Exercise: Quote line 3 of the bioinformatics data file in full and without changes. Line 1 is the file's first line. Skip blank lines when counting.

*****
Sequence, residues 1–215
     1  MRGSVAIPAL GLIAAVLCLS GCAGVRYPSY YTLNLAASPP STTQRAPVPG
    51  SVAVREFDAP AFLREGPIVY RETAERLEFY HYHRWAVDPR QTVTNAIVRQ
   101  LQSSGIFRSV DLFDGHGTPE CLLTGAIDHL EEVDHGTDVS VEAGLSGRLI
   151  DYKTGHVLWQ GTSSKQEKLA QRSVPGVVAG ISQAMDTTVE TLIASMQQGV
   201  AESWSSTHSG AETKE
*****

    51  SVAVREFDAP AFLREGPIVY RETAERLEFY HYHRWAVDPR QTVTNAIVRQ